Cachexia is a condition of whole body wasting that accounts for 20-40% of all cancer-related deaths, particularly GI tract and lung cancers. Inflammatory cytokines are significant effectors of skeletal muscle loss, and the cytokine IL-6 has gained notoriety as a signaling molecule involved in cachexia. Mice heterozygous for a mutated Apc gene (ApcMin/+) develop a significant intestinal polyp burden by 10 weeks of age and become cachexic between 18 and 26 weeks of age. The use of this mouse for studying the regulation of cachexia is novel, and has advantages compared to other animal models of cachexia, including a slower rate of wasting and lack of anorexia. The PI has shown that the inflammatory cytokine IL-6 is a modulator of cachexia in the ApcMin/+ mouse. Knockout of IL-6 prevents cachexia, while over-expression of IL-6 accelerates cachexia. It is not yet clear whether IL-6 exerts a direct effect on muscle or an indirect affect, by affecting tumor growth or secretion of a cachexic mediator of tumor origin. However, understanding the beneficial effects of IL-6 ablation will clearly provide insight into the relationships between inflammation and cachexia during cancer. The overall purpose of this application is to address mechanisms underlying cachexia in the ApcMin/+ mouse. These mechanisms will be examined in respect to the initial and severe stages of wasting and the muscle's oxidative metabolism capacity.
Aim 1 will characterize the regulation of muscle protein synthesis and proteasomal degradation during the early and severe stages of wasting in the cachexic ApcMin/+ mouse. Differential regulation of these processes in glycolytic and oxidative muscle during the progression of cachexia will be examined. Experiments also will examine graded increases in circulating IL-6 on muscle protein synthesis and degradation.
Aim 2 will characterize the regulation of muscle mitochondrial function, and myonuclear apoptosis during the early and severe stages of wasting in the ApcMin/+ mouse. Biomarkers of muscle oxidative stress, protein chemical modification, mitochondria uncoupling, mitochondrial number, and indices of apoptosis in glycolytic and oxidative muscle will be assessed during the progression of cachexia and with graded IL-6 over- expression.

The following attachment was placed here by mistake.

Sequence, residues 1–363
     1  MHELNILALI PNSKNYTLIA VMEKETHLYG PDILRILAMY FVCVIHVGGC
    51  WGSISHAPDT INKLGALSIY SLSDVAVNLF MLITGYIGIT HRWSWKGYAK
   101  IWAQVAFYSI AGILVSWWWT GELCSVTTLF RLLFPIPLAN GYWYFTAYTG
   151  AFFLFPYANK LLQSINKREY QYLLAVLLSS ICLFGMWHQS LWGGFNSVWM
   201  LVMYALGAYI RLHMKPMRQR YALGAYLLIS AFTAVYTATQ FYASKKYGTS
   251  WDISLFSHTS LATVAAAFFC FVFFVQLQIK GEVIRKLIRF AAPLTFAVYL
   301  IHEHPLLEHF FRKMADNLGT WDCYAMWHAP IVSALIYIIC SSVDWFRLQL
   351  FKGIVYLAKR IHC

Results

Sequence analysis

Aim 3 will determine if direct signaling through the muscle gp130 receptor regulates muscle protein turnover, mitochondrial function and apoptosis in the ApcMin/+ mouse. These studies will use a muscle-specific cre-lox system to decrease gp130 receptor expression in a tissue-specific manner in order to determine whether the permissive effect of IL-6 on cachexia is a direct effect on muscle metabolism or an indirect effect resulting from tumor growth or inflammation, in general.

Public Health Relevance

. Completion of this work will lead to a better understanding of the role of systemic IL-6 signaling for the regulation of severe muscle wasting with cachexia. The identification of potential targets for therapeutic countermeasures to both treat and prevent the severe stages of wasting should allow patients to better tolerate and respond to treatments for the underlying cancer condition, thus improving mortality and morbidity

Agency
National Institute of Health (NIH)
Institute
National Cancer Institute (NCI)
Type
Research Project (R01)
Project #
5R01CA121249-03
Application #
7790516
Study Section
Special Emphasis Panel (ZRG1-MOSS-H (03))
Program Officer
Howcroft, Thomas K
Project Start
2008-05-05
Project End
2012-03-31
Budget Start
2010-04-01
Budget End
2011-03-31
Support Year
3
Fiscal Year
2010
Total Cost
$270,375
Indirect Cost
Name
University of South Carolina at Columbia
Department
Other Health Professions
Type
Schools of Public Health
DUNS #
041387846
City
Columbia
State
SC
Country
United States
Zip Code
29208
VanderVeen, Brandon N; Hardee, Justin P; Fix, Dennis K et al. (2017) Skeletal Muscle Function During the Progression of Cancer Cachexia in the Male ApcMin/+ Mouse. J Appl Physiol (1985) :jap.00897.2017
Brown, Jacob L; Rosa-Caldwell, Megan E; Lee, David E et al. (2017) Mitochondrial degeneration precedes the development of muscle atrophy in progression of cancer cachexia in tumour-bearing mice. J Cachexia Sarcopenia Muscle 8:926-938
Hardee, Justin P; Counts, Brittany R; Gao, Song et al. (2017) Inflammatory signalling regulates eccentric contraction-induced protein synthesis in cachectic skeletal muscle. J Cachexia Sarcopenia Muscle :
Gao, Song; Durstine, J Larry; Koh, Ho-Jin et al. (2017) Acute myotube protein synthesis regulation by IL-6-related cytokines. Am J Physiol Cell Physiol 313:C487-C500
Hardee, Justin P; Carson, James A (2017) Understanding Sarcopenia Development: A Role for Healthy Behaviors. Am J Lifestyle Med 11:17-20
Mangum, Joshua E; Hardee, Justin P; Fix, Dennis K et al. (2016) Pseudouridine synthase 1 deficient mice, a model for Mitochondrial Myopathy with Sideroblastic Anemia, exhibit muscle morphology and physiology alterations. Sci Rep 6:26202
Narsale, Aditi A; Puppa, Melissa J; Hardee, Justin P et al. (2016) Short-term pyrrolidine dithiocarbamate administration attenuates cachexia-induced alterations to muscle and liver in ApcMin/+ mice. Oncotarget 7:59482-59502
Gao, Song; Carson, James A (2016) Lewis lung carcinoma regulation of mechanical stretch-induced protein synthesis in cultured myotubes. Am J Physiol Cell Physiol 310:C66-79
Velázquez, Kandy T; Enos, Reilly T; Carson, Meredith S et al. (2016) Weight loss following diet-induced obesity does not alter colon tumorigenesis in the AOM mouse model. Am J Physiol Gastrointest Liver Physiol 311:G699-G712
Carson, James A; Hardee, Justin P; VanderVeen, Brandon N (2016) The emerging role of skeletal muscle oxidative metabolism as a biological target and cellular regulator of cancer-induced muscle wasting. Semin Cell Dev Biol 54:53-67

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